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Arrested and killed: in the drug war of the Prime Minister of Bangladesh



  Police arrest a man, brother of alleged drug trafficker Farhad Hossain Babu, during a drug raid in Dhaka, Bangladesh, June 4, 2018. Photo from June 4, 2018. REUTERS / Salahuddin Ahmed
Police arrest man, brother of the alleged drug trafficker Farhad Hossain Babu, during an anti-drug raid in Dhaka
Thomson Reuters

By Clare Baldwin and Ruma Paul

DHAKA (Reuters) – Bangladesh police arrested Riazul Islam while walking home from his in-laws home , At 3:15, he was shot dead on a sandy field beside a series of railroad tracks north of Dhaka.

The police say he was killed in a shootout with other drug traffickers, and they found 20 kg of marijuana on the site. His parents say the officials extorted money from them and then killed him.

"I knew my son was in police custody, and suddenly my son was dead, I could not believe it, the police took money and they still killed him," his mother Rina Begum said.

Bangladesh is the newest frontline on state-backed drug raids in Asia, and Islam is one of more than 200 people shot dead by police in Bangladesh since May when Prime Minister Sheikh Hasina announced the campaign.

Critics say the crackdown reflects Hasina's increasingly authoritarian reign before a general election due by December. This was also reflected in the response to recent student demonstrations of deaths, including the use of rubber bullets and the arrest of a prominent photographer.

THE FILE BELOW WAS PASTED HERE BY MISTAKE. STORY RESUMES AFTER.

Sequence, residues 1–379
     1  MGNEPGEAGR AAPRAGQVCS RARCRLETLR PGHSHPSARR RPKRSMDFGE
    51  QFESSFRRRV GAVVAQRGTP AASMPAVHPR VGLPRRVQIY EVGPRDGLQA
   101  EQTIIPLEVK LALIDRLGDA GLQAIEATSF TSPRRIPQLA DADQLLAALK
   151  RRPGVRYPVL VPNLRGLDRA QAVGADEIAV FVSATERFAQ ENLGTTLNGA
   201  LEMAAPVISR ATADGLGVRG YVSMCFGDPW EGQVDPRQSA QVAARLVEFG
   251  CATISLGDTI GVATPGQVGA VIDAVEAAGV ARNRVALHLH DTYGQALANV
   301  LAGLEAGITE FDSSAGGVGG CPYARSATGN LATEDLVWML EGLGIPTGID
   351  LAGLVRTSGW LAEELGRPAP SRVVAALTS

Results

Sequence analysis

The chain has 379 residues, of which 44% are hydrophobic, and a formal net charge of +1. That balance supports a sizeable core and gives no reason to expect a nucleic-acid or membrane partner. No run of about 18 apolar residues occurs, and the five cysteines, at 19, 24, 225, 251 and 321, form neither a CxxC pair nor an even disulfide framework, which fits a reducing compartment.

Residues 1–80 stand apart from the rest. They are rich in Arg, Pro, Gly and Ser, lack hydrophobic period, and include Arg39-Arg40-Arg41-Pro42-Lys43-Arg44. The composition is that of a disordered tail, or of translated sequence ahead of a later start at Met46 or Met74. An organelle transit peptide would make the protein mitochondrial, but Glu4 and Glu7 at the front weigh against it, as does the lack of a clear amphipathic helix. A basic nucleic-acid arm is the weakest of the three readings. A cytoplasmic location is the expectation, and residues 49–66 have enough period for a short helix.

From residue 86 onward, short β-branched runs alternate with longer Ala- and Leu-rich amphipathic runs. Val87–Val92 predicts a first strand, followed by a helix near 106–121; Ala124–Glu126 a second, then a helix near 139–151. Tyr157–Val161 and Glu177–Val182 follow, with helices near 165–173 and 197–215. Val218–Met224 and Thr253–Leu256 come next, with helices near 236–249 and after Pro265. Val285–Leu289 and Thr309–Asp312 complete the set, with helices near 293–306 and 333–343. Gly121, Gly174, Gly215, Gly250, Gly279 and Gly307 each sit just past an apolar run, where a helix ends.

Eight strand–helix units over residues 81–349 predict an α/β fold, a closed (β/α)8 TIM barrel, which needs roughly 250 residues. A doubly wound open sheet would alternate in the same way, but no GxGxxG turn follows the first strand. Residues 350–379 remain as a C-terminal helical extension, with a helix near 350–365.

Hasina emphasized that the police and intelligence services are now fighting the drug problem the same way they have encountered violent extremism in recent years.

Such campaigns may be popular with voters, as the bloody drug war by President Rodrigo Duterte in the Philippines has shown.

Hasina's office did not respond to questions about whether the pre-election drug campaign was a populist trick or a means to scare the opposition.

MOUNTING THE DEATH OF DEATH

The bodies appeared quickly after Hasina's Annunciation. And just as in the Philippines, the murders seemed to follow a script: suspects died in "shootings," typically at night, and weapons and drugs were found nearby.

More than a third of the 211 killings recorded by the Dhaka-based human rights group Odhikar since mid-May have arrested the suspects before they were murdered.

Police are overseen by Interior Minister Asaduzzaman Khan, who denied that the police were executing suspects.

"Our law enforcement officers are not killing, they are not executing anybody, it's impossible, if they do, they'll be fired right now," he told Reuters. "It is not a lawless land."

After Islam was arrested, police reportedly took the neighborhood's "biggest terror" to the field next to the train tracks to attack and arrest other drug traffickers. The other traders "sensed" the presence of the officers and began firing indiscriminately and "to save lives and state property," the officers fired back.

"Roni [Islam] was shot and fell down, he died on the spot," the report says, saying two officers were wounded.

The autopsy report of Islam read to a Reuters Hospital official found that a single bullet near his left ear penetrated his head and exited near his right. Each officer was treated for one of his hands after records at another hospital because of minor areas of tenderness and swelling.

None of the six witnesses in the police report saw Islam die, they told Reuters.